Joint declaration by the Universities of Oldenburg and Bremen on the coordinated development of research and teaching activities, and the creation of a ‘north-west science region’.


  • 3 October 1991
    Official ceremony for naming the university after Carl vonOssietzky, attended by Gerhard Schröder, Premier of the State of Lower Saxony.

    Official naming ceremony: Gerhard Schröder with Rosalinde von Ossietzky-Palm, the daughter of Carl von Ossietzky


  • 29 January 1992
    The OFFIS Institution for Information Technology is inaugurated as an associate institution.


  • 8 February 1996
    The auditory centre (Hörzentrum) is founded as an associate institution, followed five years later by the establishment of the HörTech expertise centre, a non-profit organisation.

    Oldenburg’s House of Hearing (Haus des Hörens)


  • 13 October 1997
    The Hanse-Wissenschaftskolleg (HWK) institute for advanced study is inaugurated in Delmenhorst.

    The HWK: a research centre that attracts renowned scientists from all over the world


  • 14 November 2001 
    The Center for Distributed Learning (later known as C3L) is established, which combines further education programmes and E-learning projects.


  • 16 October 2002
    The Hanse Law School opens, a joint project between the universities of Oldenburg, Groningen and Bremen.


  • 1 August 2003
    Activities commence at the Center for Wind Energy Research (ForWind) – a joint institute of the universities of Oldenburg and Hannover (joined in 2009 by the University of Bremen).


  • 18 October 2004
    The university now offers Bachelor’s and Master’s degree programmes.


  • 28 February 2008
    Oldenburg is awarded the title ‘City of Science 2009’.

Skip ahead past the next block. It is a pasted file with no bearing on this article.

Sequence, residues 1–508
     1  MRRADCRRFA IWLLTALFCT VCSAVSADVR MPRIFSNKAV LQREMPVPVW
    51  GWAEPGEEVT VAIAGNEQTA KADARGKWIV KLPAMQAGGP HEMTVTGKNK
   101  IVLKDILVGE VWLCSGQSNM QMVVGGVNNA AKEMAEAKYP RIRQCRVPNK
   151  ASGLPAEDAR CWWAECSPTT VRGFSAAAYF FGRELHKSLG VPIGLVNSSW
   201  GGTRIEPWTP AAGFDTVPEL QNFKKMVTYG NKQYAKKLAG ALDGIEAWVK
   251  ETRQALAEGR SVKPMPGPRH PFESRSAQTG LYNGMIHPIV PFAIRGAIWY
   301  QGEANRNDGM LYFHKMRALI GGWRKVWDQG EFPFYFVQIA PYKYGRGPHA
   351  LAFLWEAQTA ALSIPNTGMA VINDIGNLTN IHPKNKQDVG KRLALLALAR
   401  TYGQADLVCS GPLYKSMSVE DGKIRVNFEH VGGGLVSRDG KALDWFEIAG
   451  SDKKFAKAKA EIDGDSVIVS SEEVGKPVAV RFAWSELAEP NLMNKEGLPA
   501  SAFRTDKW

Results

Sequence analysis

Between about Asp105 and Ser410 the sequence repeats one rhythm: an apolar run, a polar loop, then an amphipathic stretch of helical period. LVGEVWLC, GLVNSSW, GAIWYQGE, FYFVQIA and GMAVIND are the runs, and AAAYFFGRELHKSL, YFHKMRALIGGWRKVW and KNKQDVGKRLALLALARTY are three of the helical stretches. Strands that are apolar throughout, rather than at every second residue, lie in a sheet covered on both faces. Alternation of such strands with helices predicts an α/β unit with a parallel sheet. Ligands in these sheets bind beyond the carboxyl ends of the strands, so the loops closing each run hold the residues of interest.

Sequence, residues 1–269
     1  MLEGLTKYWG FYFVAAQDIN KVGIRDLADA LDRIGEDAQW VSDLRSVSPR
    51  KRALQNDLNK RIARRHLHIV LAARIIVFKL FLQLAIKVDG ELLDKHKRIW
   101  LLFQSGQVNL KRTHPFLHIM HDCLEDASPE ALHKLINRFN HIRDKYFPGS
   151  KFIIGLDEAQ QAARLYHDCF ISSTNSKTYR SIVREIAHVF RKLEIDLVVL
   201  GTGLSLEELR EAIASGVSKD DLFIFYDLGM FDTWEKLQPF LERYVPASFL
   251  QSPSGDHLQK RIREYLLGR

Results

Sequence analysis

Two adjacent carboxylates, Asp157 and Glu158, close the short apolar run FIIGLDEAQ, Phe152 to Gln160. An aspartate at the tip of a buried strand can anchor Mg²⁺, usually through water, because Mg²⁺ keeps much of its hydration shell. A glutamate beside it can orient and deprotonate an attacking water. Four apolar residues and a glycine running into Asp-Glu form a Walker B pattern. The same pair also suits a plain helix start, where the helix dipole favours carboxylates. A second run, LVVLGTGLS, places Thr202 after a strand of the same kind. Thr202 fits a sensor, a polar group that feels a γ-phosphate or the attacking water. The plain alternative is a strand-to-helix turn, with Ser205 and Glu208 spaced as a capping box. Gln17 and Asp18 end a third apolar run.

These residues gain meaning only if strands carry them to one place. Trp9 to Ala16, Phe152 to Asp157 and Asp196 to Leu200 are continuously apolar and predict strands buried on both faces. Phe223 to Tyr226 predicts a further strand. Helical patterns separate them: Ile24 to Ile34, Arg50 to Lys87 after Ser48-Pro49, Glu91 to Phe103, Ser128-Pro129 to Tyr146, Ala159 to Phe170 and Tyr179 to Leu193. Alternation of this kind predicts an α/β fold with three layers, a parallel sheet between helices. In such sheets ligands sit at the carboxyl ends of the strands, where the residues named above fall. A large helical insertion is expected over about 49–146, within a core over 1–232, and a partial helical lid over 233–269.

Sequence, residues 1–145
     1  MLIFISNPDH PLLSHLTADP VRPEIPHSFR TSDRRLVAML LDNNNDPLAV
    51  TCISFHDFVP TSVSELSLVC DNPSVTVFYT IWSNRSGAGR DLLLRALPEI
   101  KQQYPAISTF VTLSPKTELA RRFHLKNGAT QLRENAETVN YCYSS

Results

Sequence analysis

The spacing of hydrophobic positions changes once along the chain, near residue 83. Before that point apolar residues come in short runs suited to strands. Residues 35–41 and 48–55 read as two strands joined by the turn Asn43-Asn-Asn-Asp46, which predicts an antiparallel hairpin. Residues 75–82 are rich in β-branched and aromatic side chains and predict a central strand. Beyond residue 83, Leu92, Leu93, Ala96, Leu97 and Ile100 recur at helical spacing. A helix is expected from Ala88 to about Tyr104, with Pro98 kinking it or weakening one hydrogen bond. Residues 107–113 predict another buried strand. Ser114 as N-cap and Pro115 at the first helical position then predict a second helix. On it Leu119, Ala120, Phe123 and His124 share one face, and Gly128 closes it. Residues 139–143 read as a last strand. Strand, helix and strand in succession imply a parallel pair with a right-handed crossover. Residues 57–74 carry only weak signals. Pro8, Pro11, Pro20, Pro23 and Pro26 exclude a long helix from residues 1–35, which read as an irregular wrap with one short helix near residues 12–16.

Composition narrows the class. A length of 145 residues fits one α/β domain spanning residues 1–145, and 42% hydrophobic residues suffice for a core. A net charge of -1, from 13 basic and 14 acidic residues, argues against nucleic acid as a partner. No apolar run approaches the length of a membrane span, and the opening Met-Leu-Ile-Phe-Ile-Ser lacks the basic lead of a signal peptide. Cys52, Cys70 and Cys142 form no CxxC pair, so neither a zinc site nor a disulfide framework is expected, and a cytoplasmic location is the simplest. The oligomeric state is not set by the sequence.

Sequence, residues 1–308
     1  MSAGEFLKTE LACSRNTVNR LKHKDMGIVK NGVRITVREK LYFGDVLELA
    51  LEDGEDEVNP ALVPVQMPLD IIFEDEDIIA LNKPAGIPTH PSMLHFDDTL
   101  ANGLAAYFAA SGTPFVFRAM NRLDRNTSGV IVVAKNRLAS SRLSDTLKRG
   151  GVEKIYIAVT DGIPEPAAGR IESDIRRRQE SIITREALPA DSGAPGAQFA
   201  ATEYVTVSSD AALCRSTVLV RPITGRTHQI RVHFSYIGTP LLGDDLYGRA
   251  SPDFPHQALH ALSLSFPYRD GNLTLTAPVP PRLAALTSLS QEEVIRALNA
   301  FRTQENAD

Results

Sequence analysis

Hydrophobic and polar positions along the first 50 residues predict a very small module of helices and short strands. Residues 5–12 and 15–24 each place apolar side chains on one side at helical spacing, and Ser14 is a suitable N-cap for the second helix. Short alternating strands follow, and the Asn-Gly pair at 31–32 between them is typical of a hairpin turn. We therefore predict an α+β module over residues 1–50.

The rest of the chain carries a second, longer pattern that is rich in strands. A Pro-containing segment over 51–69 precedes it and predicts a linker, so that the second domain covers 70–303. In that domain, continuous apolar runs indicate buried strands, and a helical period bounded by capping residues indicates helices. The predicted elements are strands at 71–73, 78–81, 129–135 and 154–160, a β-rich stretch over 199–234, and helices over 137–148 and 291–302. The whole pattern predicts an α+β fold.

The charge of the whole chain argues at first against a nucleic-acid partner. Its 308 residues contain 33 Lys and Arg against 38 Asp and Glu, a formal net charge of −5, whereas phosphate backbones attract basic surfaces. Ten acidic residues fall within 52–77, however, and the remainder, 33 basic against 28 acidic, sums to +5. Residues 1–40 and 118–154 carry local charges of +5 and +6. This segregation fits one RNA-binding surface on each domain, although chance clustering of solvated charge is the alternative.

City of Science programme


  • 13 August 2009
    The EWE Research Centre for energy technology NEXT ENERGY is inaugurated, an associate institute focusing on renewable energy, energy efficiency and energy storage.


  • 15 June 2012
    The University of Oldenburg’s Excellence Cluster application ‘Hearing4all’ is selected as one of the winners of the German Excellence Initiative. The University of Oldenburg is partnered in this project by the Hannover Medical School and the University of Hannover.

    Excellence Initiative: A great sense of achievement
  • 20 June 2012
    The Lower Saxony Act governing higher education (Niedersächsischen Hochschulgesetzes) is amended, creating a legal framework for the European Medical School Oldenburg-Groningen (EMS), and thereby also the preconditions for the foundation of a medical school at the University of Oldenburg.
  • 23 October 2012
    The European Medical School Oldenburg-Groningen (EMS) is officially launched, in the presence of Lower Saxony's State Premier David McAllister, who welcomes the first 40 students.
  • 28 November 2012
    Federal President Joachim Gauck presents the ‘German Future Prize’ to the hearing research team, consisting of Prof. Birger Kollmeier, Prof. Volker Hohmann (both from the University of Oldenburg's Hearing4all Excellence Cluster) and Dr Torsten Niederdränk (from Siemens AG). They have succeeded in vastly improving the technology used in hearing aids.


  • 7 September 2013
    The Karl Jaspers House is opened in Oldenburg's Dobbenviertel district. This villa houses the 12,000 books that comprised the private library of the famous Oldenburg psychiatrist and philosopher, and is the location of the German Karl Jaspers Society and the EWE Foundation.

    The Karl Jaspers House, which has two apartments for visiting researchers